Monday, August 3, 2015

Word of the Week- 74

"Arthur and the Triplets Waiting for a Letter from the Mailman."  (from the Babar stories)
Word of the Week:  WAIT

Patience, more a virtue than ever.  The willingness to wait for whatever is desired but not yet here seems to appeal to very few.  We wait for so much.  Mostly I feel as though I wait for myself.

I wait for guidance, for information, for clarity.  I've stopped hurrying.  I allow matters to unfold in quiet and calm, if possible.  If my inner wisdom is not a shrieking, "DO IT NOW, " I will do it later.  There was an article this week - somewhere - about procrastination not being only the refuge of slackers and layabouts.  The article suggested there was wisdom at work when decisions were postponed, immediate action deferred.

(From the album, "The 2,000 Year Old Man" by Carl Reiner and Mel Brooks)
Carl: Sir, could you give us the secret of your longevity?

Mel: Well, the major thing, the major thing is that I never, ever 
touch fried food. I don't eat it, I wouldn't look at it, and I 
don't touch it. And I never run for a bus. There'll always be 
another. Even if you're late for work, you know, I never run 
for a bus. I never ran. I just strolled, jaunty-jolly, walking 
to the bus stop.
It seems the popularly-held belief is that we miss so much by delaying, delaying anything.  I don't understand how this can be a universal truth.  Since we have no way of knowing what even the next moment holds, how can we be certain that not taking the trip, not seeing the movie, not rushing out in pursuit of 12 seemingly essential activities will cause us lifelong regret.  I have no "bucket list" and the name itself gives me hives.  We can be led astray by our wants, just as we can be inspired by them.

I am not one of the universe's bold children, I never have been.  Yes, I've done rash and foolish things, been incautious in dangerous ways.  The luck of fools or an army of guardian angels.  Haste is not my ally.  Answers DO come, or if they don't I assume there is no answer.  Rilke's* urging that we live the questions is my norm.  At times it seems to be only questions held loosely together by gravity.  Wait, is what I interpret him saying.  Wait.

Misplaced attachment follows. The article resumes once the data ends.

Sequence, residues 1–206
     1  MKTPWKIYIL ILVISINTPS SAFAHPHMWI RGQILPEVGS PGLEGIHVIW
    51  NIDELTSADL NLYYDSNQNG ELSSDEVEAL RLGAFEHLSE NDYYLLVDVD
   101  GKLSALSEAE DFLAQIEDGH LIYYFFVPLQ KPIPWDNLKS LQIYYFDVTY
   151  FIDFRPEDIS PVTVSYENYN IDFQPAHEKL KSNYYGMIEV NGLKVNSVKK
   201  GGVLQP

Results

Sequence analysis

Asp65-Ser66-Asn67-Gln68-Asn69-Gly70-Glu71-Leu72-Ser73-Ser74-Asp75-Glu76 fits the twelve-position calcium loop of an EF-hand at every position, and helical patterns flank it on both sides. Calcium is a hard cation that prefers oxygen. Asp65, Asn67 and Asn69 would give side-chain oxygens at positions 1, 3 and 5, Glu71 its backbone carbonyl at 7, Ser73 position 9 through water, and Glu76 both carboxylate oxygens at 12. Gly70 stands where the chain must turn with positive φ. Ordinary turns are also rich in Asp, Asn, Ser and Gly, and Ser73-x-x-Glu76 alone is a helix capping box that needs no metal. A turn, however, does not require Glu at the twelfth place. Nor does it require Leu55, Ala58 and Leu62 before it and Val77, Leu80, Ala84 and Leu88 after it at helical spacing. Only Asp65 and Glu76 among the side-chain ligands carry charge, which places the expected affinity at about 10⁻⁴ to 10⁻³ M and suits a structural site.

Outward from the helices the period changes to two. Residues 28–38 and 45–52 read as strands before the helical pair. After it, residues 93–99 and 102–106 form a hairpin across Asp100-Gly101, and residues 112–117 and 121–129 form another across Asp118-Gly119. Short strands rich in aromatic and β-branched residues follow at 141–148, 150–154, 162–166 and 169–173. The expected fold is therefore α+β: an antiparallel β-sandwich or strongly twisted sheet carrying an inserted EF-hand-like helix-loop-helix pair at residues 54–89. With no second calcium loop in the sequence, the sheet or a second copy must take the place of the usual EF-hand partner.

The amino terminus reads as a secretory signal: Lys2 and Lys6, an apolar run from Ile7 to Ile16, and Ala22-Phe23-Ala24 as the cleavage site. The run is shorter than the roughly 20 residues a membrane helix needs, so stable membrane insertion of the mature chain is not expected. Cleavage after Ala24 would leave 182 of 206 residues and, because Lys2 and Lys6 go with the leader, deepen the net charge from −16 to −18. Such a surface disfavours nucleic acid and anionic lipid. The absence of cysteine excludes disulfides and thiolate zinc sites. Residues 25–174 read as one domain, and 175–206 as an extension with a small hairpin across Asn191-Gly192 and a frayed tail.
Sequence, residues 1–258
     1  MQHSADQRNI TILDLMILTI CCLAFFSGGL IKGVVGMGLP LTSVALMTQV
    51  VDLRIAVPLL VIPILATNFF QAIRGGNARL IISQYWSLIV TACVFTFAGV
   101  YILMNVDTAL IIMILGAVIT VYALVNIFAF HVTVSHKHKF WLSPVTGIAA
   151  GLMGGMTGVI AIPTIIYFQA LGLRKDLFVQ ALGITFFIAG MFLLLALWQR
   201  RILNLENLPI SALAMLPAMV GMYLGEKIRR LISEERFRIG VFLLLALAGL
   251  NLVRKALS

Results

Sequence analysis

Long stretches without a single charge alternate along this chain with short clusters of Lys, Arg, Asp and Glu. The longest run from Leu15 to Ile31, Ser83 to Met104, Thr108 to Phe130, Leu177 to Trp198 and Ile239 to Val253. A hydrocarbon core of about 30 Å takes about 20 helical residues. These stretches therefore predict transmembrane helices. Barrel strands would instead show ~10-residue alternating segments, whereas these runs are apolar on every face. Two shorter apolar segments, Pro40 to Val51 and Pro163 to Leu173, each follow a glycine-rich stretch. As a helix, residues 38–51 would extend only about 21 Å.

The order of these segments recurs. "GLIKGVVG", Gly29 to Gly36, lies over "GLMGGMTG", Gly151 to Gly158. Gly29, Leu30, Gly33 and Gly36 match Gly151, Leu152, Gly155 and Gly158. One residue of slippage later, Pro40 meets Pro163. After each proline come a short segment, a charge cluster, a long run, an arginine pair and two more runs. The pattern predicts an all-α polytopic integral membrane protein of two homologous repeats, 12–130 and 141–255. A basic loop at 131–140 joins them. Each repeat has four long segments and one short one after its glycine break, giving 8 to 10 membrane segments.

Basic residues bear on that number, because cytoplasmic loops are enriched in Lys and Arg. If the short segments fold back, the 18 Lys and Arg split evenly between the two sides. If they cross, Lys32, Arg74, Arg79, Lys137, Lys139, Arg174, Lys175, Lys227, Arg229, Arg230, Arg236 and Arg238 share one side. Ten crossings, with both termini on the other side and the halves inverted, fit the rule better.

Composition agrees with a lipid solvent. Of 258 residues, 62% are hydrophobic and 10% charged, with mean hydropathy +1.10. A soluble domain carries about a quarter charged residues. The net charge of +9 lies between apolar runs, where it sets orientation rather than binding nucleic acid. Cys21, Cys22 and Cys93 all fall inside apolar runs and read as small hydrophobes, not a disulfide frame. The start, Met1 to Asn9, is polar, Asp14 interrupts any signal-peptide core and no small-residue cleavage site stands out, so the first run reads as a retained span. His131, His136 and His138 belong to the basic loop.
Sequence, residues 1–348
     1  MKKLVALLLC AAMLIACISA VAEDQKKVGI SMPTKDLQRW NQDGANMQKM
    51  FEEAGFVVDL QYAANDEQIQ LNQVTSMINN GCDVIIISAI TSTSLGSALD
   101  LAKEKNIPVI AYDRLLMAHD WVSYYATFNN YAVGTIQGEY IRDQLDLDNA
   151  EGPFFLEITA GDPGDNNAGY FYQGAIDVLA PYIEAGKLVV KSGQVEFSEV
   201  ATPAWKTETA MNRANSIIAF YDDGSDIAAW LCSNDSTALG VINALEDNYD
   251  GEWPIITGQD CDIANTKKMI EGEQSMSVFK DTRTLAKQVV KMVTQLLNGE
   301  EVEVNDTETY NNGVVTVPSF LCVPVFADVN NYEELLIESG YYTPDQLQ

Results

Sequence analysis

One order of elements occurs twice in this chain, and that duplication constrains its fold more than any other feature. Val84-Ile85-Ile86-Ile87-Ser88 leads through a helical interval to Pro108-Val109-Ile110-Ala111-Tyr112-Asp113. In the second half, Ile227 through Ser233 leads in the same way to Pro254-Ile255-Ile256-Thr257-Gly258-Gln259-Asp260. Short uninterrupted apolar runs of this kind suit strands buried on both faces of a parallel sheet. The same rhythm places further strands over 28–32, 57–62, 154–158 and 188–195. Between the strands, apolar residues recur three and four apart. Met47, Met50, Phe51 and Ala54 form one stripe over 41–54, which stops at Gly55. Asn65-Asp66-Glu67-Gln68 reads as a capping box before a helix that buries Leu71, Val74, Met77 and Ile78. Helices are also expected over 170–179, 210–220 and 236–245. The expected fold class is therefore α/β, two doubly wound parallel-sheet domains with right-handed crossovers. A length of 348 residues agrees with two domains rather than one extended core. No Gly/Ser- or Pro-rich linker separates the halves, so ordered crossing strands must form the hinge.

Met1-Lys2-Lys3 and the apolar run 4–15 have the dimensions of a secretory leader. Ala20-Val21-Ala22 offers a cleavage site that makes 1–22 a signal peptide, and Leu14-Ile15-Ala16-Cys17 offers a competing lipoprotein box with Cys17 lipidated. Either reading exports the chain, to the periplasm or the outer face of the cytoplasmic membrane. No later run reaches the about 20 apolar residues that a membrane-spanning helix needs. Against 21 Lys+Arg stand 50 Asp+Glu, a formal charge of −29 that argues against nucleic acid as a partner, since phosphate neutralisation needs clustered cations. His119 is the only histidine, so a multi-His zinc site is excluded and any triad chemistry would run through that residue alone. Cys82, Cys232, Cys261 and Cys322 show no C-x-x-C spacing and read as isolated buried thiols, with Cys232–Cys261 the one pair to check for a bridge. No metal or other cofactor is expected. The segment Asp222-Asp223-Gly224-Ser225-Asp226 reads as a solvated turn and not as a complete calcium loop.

* “Be patient toward all that is unsolved in your heart and try to love the questions themselves, like locked rooms and like books that are now written in a very foreign tongue. Do not now seek the answers, which cannot be given you because you would not be able to live them. And the point is, to live everything. Live the questions now. Perhaps you will then gradually, without noticing it, live along some distant day into the answer.”


Kass said...

Did you see Carl Reiner on Sunday Morning? Interesting insights can come out of comedy, as related by Mel Brooks and the 2,000-year-old man.

I used to be very rash and impatient in my early years, wanting immediate results. Now when I come to some repair or design element that isn't working, if I leave it for a day or more, I come back to it with renewed interest and insight.

Marylinn Kelly said...

Kass - No, I didn't see Carl Reiner. I've savored the comedy from that album for however long it's existed. My first husband and I had a copy we practically memorized. I have become very accustomed to waiting. Some things come, some things don't. Either of those choices is acceptable. When it really, really matters - to us or the universe on our behalf, and who can tell the difference - guidance always appears. I consider that grace and find it miraculous. xo